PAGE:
The beginning of the book, when he tells the story of his mother's suicide, was very funny but it gets pretty lame going on. What I took from this compulsive read was beau coup human behavior info about retro black hat phone hacking. Thompson if he talked straight and told more jokes. It was Bonnie who recited Monty Python sketches with him, who introduced him to Richard Pryor at nine years old, and who rescued him from a psychologist when he brought that brand of humor to school. I'm giving mine to my mother. It is a heartbreaking story filled with raw emotions that is beautifully and emotionally written. Now go buy this book and pour a cocktail.
The cheap shit was right there! It's structurally similar to his act, in that way. They were best mates and they each had feelings for the other but was afraid to cross the mate line. To us though, we admire a genius of humorous wit; to a young fan he's the imaginative drunk uncle you want you had over to annoy the rest of the family during the or not, just buy the book and reflect upon how you turned out different. It is the first piece of nonfiction I have read technically, heard about a nonscientist's life. Also Doug commenting on the story himself, in small asides, bringing up how bad he was at reading, how bad his memory was, picking out errors and ommisions and other bits and pieces. It recounts Doug's growing up in the planetary orbit around her mother - and staying there.
The story pulled me along, especially with the dual perspectives - reading from Emmett's and then Autumn's perspectives gave interesting insights into what drove them to do the things they did. We all need a reason to remember the unique ones in our lives even if they have fur! I also have a love-hate relationship with their ability to create me cry by the end of a book, and this one was no exception. I adore the notice going on under the story to always create time for your loved ones, because they really are your most necessary treasure. Why did she have to steal my expensive scotch? Emmett was a amazing father to her and a amazing guy for Autumn. It is why he is my favorite stand-up comedian, and the main reason I got interested in watching stand-up comedy. It is a double biography of Doug and Mother.
Just those, and I had to read this book. I'd feel like a poser saying I connect with it. This book is the story of their journey and the tough decisions that come with it. I found myself reading and reading and wishing the book was longer when I reached the end. Thirty of the pills would be easily enough to finish off the sick and emaciated old lady, but she insists on taking all of the 90 that she has hoarded from her hospice care. This book was so well written and genuine.
He's a much better comedian than a writer and if you've seen his stand up a lot of the stories will be familiar. I am at risk of falling into a trap that Doug steadfastly avoids throughout his book — that of being a schmaltzy, sentimentalist prat! I absolutely loved the experience of reading Digging Up Mother: A Love Story. I believe she was, and still is. Our perfect veterinarian comes from Costa Rica to operate at our monthly clinics. Told from the points of view of both Heather and Grace. It was on a television series called Weekly Wipe. And a nice ending over the mother and son bond they had.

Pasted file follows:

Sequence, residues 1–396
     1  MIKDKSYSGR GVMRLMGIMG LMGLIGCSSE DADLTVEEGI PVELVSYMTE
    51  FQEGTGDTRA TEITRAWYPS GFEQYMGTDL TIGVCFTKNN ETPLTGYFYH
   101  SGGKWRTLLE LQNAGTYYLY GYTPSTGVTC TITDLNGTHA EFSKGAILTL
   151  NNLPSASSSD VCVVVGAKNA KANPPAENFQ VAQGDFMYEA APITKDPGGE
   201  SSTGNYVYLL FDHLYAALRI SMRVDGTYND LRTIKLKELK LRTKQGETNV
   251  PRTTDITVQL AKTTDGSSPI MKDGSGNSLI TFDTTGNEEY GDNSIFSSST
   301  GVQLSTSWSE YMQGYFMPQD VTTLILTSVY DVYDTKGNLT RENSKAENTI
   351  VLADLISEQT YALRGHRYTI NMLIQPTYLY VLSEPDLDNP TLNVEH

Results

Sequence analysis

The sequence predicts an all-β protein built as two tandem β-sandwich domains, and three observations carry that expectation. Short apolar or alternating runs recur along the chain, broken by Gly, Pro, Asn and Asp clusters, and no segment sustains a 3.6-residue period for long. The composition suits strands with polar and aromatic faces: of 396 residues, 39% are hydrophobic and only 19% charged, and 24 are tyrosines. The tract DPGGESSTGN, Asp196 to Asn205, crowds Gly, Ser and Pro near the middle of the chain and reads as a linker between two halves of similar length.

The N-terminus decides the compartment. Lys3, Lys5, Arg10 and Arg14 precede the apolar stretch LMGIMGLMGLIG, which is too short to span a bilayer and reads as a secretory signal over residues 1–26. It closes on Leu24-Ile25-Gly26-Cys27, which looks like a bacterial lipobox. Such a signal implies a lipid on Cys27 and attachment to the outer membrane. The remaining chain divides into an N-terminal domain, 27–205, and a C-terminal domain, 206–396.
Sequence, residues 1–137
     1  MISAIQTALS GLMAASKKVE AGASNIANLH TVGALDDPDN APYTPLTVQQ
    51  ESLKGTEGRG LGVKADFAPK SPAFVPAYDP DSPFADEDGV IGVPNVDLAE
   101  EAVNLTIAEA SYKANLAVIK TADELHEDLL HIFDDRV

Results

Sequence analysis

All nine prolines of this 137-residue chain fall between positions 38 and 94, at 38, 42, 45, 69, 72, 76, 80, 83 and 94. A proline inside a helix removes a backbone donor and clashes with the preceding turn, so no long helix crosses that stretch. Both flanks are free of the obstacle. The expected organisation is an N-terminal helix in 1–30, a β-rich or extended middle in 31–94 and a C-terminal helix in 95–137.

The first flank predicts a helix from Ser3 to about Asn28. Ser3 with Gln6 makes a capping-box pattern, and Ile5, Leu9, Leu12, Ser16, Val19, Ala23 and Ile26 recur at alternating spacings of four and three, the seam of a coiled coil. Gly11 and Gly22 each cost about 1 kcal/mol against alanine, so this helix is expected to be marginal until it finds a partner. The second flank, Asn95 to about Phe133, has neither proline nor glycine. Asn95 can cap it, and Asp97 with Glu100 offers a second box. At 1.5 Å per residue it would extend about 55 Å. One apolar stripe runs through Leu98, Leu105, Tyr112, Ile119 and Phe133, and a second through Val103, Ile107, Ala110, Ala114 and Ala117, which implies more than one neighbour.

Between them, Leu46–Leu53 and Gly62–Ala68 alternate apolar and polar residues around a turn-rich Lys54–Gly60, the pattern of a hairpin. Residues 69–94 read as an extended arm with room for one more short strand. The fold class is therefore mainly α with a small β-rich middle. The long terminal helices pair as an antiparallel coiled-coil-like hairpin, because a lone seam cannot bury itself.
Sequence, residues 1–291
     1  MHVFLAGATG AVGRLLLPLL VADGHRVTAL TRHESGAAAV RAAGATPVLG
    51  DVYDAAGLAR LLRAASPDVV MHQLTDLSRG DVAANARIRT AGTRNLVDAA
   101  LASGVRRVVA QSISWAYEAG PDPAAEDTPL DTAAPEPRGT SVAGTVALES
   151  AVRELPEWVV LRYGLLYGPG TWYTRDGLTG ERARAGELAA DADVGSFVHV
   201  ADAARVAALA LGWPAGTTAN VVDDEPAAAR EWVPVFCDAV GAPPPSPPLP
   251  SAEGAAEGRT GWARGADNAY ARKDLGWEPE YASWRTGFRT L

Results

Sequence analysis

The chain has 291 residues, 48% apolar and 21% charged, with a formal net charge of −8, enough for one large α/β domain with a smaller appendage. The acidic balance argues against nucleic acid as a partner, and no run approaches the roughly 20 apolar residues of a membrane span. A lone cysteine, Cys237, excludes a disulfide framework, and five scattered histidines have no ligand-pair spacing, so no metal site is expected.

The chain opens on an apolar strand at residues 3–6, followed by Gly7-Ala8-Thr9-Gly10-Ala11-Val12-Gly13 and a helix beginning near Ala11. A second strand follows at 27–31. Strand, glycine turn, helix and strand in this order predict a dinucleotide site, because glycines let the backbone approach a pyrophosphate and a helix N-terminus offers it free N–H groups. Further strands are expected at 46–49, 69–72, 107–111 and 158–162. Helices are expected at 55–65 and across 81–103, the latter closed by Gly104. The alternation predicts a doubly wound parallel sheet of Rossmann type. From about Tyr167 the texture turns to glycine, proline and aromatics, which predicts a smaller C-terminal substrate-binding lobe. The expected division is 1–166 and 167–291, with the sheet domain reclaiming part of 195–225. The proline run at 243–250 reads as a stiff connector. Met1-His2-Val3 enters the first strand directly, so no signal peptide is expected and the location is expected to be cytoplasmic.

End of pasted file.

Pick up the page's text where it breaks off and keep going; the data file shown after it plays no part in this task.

A few years later, Kevin is injured on the job at work, landing him on disability payments as he is unable to return to work due to back problems. Above all, if the book confirms anything is that the man has backbone. This book was written by a comedian recapturing the life of his mother, and boy was she a force to be reckoned with! I then saw him in a different dive, this time a bar in 2001. It is shocking, offensive, outrageous, achingly sad and very, very funny. And although he does admit to those ego issues, he can't support but continue to put himself above others in so a lot of regards, including that he was the best shot in the world, above John Wayne , which leads me to believe that he remained this way, while possibly to a lesser extent, until his death. When Heather chooses Grace through the adoption agency to be the mother of her child, it sets a course that changes both of their lives.
Stanhope is one of my favourite stand-up comedians. It reads like an honest, no holds barred, more or less true account. It's a book so honest it is honestly uncomfortable to read. Though there isn't a whole lot about Bingo in the book I'm totally in love with their relationship and unconditional acceptance of each other. Not that everyone has experienced even a sliver of the depravity Stanhope has, but we all most have messed up families, regrettable memories and experiences that we wouldn't want to share.
Penelope was a amazing addition and dialogue and behavior were all age appropriate which was wonderful. Almost all of the scotch was gone. It truly is a love story. I struggled with the pacing in this story and the repeated comparisons to Jason. But I always thought that they never really created up, so it was nice to know that the damage and pain finally wore off, even though it took many, a lot of years to happen. He expresses his love through a dark morbid sense of humor that leaves you writhing with the ups and downs, twists and turns, and can only leave yourself wondering about your own damn life in the ug Stanhope's sense of humor may not be for the mainstream taste; he may be in the eyes of the coats be a novelty.